Eye Health Central

What is Blepharospasm? Causes, Symptoms and Treatment

What Is Blepharospasm?

What Is Blepharospasm?

Blepharospasm or benign essential blepharospasm (BEB) is the involuntary blinking or twitching of one or more eye muscles. In fact, the word Blepharospasm itself is from the Greek words blepharon, meaning eyelid, and spasmos meaning spasm or uncontrolled contraction.

Whilst eye twitching can be a nuisance, and feel quite strong, they are not normally seen by others or when looking into a mirror, they are short-lived and end on their own, however, blepharospasms can be more severe and become chronic (long-lasting).

What Are The Causes Of Blepharospasm

Only a few direct causes of blepharospasm have been identified so far, but most instances of the condition don't have any clear or attributable cause. It is known that symptoms can be triggered by everyday activities such as

  • Stress
  • Eye strain
  • Being fatigued
  • Excessive screen time
  • Dry eyes
  • Eye Trauma
  • Blepharitis

It can also be triggered by neurological conditions such as

  • Tourettes syndrome
  • Parkinson's disease
  • Multiple sclerosis
  • Cerebral  palsy
  • Medications - such as HRT, Benzodiazepines 

What Are The Symptoms Of Blepharospasm

Anyone experiencing one or more of the following symptoms may be affected by blepharospasm. It's recommended to speak with your doctor if you feel that it's a problem that's affecting you and your day-to-day life.

  • Excessive blinking or spasming of the eyes
  • Uncontrollable contractions or twitches of the eye muscles, sometimes stretching outward to other nearby muscles in the face
  • Eyes that feel dry
  • Sensitivity to bright light

For a majority of people who experience the condition, the symptoms don't last long, perhaps only a few minutes, hours, or days before disappearing. However, in rare cases the twitching can be persistent, lasting much longer, and perhaps causing lifelong challenges. In those rare situations, the symptoms can be severe enough to result in functional blindness, due to the inability to open the eyelid or focus the eye. The eyelids may open and close repeatedly, or may even feel like they are clamping shut, and unable to open. People with injuries or other causes of pain to their face or eyes can experience reflex blepharospasm, which is a reaction to the pain itself and should subside when the pain does.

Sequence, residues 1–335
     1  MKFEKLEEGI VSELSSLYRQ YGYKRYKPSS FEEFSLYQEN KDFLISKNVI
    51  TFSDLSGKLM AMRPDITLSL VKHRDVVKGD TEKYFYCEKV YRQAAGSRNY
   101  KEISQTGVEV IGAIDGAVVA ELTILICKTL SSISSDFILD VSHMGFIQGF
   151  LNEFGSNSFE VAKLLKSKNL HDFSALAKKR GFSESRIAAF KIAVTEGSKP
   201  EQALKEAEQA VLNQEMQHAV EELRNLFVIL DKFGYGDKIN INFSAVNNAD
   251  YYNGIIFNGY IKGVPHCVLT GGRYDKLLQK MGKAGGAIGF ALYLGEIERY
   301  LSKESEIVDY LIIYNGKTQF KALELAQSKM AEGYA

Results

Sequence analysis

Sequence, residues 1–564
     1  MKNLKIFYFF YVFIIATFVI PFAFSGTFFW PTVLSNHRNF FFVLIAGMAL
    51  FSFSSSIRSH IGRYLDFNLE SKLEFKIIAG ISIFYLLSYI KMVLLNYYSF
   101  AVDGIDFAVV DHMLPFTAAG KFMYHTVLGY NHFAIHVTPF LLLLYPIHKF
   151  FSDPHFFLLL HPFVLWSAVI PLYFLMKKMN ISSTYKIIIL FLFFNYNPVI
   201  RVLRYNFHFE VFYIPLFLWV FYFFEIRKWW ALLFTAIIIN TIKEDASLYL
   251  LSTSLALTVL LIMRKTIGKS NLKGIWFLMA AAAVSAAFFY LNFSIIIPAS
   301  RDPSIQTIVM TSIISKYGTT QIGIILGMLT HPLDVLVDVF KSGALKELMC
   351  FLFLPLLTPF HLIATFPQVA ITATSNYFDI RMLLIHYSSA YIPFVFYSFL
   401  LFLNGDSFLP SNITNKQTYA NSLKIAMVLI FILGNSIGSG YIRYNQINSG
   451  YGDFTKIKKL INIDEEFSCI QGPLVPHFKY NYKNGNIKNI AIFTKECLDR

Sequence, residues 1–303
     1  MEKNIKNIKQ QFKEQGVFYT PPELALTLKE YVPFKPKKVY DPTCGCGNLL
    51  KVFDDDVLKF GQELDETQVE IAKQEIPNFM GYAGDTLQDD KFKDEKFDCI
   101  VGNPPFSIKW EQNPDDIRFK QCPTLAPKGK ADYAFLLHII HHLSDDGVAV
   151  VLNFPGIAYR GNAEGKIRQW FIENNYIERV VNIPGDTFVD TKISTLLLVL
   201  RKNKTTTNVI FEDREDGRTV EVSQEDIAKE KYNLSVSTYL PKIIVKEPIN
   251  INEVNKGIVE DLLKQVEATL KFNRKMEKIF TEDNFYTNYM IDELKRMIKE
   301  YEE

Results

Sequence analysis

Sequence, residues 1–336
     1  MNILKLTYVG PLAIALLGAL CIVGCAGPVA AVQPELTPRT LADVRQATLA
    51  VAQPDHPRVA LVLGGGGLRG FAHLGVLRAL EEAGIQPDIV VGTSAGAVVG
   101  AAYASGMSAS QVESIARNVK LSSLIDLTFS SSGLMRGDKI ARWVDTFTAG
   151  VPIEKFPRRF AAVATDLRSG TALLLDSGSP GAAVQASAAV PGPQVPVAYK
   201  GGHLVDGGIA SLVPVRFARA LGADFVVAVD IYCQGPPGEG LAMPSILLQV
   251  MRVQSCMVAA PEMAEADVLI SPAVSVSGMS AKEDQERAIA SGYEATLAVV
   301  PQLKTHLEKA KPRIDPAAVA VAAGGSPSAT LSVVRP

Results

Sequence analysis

Different Types Of Blepharospasm

There are actually two types of blepharospasm, essential and reflexive, but both exhibit nearly the exact same symptoms. 

Essential blepharospasm is a neurological movement disorder that involves the involuntary and sustained contractions of the muscles near and around the eyes. The cause of this type of blepharospasm is not clear, but is thought to be triggered by a number of factors, such as fatigue, stress, or even a foreign substance or irritant that's affecting the eye.

Reflexive blepharospasm is merely a reaction to moderate to severe pain or discomfort near to the eyes, usually somewhere close to the eyes, nose, or mouth.

How Is Blepharospasm Treated

Neither of these conditions has an established or effective cure, but there are several options available for treatment. Since blepharospasm severely impacts so few people, despite appearing in so many, the treatments are not always recommended and are likely unnecessary for most cases. The three most common treatments are:

  • Drug Therapy - Anticholinergics, tranquillising medication, and botulinum toxin are the most commonly prescribed therapeutic options, but none of them are guaranteed to provide positive results. In fact, their effects can be unpredictable, and sometimes less than ideal. In some cases they are not only ineffective, but the side effects are worse than the blepharospasm they are intended to treat. Treating this condition with medication can be a challenging course of trial and error before settling on effective treatment, but it may not be effective for everyone.
  • Botulinum Toxin Injections – Popularly known as Botox, this derivative of botulism is effective at inducing localized partial paralysis, which can stop the muscles around the eyes from twitching. The effects of the injections are almost immediate. This is by far the most preferred method of treatment for chronic blepharospasm, but it is not a permanent cure. The treatments only last several months, and will need to be repeated as long as the symptoms of the condition persist. Some people may find that over time, repeated injections can result in a reduction in effectiveness, and may eventually need to seek out another form of treatment.
  • Surgery – Those who don't respond well to medication or botulinum toxin injection are left with surgical therapy as the only remaining treatment option.
    The most effective surgical treatment is known as protractor myectomy, which involves the removal of muscles responsible for eyelid closure. This is only used in the most extreme cases of blepharospasm, where every other available treatment option has been exhausted. 

Author: John Dreyer Optometrist Bsc(Hons), MCOPTOM, DipCLP
Created: 25 Aug 2016, Last modified: 20 May 2024